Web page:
In this highly competitive residency application process, program directors are paying close attention to what they perceive to be your level of commitment to their specialty. Especially if you are applying to certain specialties that are considered “backup” specialties to some, program directors are especially meticulous in weeding out the “backup” candidates. It’s for this reason that it especially important that you demonstrate your commitment to your specialty. This is difficult to do, however, just by repeating multiple rotations within your own institution. Show your commitment by going out of your way to schedule (and nail) away rotations in your specialty.

A Chance to Audition

What better way to show a program what an outstanding candidate you are than to work your ass off for them for a month? This is exactly what an audition elective is, and it is essential that you schedule these to improve your chances of landing an interview, and eventually a match into your preferred program! Often times programs will automatically interview individuals that auditioned with them. Unless you are applying to only a few programs, it's in your best interest to schedule as many away “audition” rotations as possible! 

What’s left to consider?

Ok, so now that I've convinced you that you should schedule some high quality away rotations, there are some major things to consider. First of all, scheduling away rotations even in network can be quite obnoxious. We all know that med-ed coordinators can be extremely hard to get ahold of and sometimes very difficult to work with. For this reason, you must plan ahead. Think about when and where you would want to do these away rotations and do your research.  What information do they need? What are the time frames in which you are allowed to apply? Is this particular rotation very competitive? You must think about all of this in advance. And, if you are planning to do an away AND out of network rotation, be prepared to jump through a lot of hoops. In these cases, ‘single elective affiliation agreements’ between your school and their hospital must be signed and reviewed by lawyers. Some institutions even require you to provide your own insurance, or even will charge for the application or rotation, itself.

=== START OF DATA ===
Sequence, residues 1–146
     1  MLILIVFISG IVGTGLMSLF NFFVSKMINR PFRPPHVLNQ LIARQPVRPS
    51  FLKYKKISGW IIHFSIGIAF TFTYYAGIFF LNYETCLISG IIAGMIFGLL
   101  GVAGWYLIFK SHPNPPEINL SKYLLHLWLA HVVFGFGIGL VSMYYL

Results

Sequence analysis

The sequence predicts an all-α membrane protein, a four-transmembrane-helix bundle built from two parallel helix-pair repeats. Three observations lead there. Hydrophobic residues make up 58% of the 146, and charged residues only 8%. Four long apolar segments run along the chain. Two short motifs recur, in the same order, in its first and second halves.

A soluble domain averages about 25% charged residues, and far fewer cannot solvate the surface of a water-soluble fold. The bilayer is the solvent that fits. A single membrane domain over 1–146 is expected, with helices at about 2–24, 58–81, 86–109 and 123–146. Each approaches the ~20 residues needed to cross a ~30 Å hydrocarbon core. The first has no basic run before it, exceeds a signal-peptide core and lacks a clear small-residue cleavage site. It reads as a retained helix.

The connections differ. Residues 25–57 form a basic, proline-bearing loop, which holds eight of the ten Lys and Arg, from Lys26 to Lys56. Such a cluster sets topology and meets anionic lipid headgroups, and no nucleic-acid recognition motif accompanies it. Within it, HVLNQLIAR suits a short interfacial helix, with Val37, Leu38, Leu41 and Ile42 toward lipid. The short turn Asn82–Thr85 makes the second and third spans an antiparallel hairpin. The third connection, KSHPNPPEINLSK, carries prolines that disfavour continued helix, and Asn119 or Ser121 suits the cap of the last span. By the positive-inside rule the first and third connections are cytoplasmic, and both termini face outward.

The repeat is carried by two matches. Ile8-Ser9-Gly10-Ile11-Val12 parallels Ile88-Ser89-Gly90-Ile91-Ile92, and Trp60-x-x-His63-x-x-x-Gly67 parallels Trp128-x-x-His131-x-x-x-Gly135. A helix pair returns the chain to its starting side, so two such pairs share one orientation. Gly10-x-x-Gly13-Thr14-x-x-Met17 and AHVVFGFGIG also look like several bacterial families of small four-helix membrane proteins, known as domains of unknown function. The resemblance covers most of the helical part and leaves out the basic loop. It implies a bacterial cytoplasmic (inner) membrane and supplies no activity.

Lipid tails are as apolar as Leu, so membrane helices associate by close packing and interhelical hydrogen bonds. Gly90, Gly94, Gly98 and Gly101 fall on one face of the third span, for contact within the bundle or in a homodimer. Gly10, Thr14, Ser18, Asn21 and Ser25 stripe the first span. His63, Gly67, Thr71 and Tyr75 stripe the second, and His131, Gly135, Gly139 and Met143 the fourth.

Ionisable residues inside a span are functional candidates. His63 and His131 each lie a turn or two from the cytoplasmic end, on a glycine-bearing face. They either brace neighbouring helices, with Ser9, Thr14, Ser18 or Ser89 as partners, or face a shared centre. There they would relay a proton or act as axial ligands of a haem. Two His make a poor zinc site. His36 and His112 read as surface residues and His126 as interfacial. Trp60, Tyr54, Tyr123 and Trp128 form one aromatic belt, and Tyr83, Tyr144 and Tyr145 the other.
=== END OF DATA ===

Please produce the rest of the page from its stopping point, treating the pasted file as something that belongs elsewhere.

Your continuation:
For all of these reasons, and the consideration of how important away rotations are in your pursuit of a residency, it is essential that you start the process of securing your coveted spot as soon as possible!  Do your research, make your calls, and most importantly, BE POLITE, courteous, kind and grateful. You never know who is watching!


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Leila Javidi

Leila Javidi

Leila Javidi, MD, MPH is a graduate of Saint George's University, a Family Medicine resident at Mount Carmel Health System, and a certified consultant with MST Consulting. Although she had never before considered herself a “standardized test guru,” over the course of her first few years of medical school she developed a fool-proof study style — and crushed her exams. She loves to teach and she prides herself on her ability to motivate students to achieve their maximum potential. She is most known by her students for her sense of humor, her ‘pep talks’ and her ‘no-excuses’ study mentality.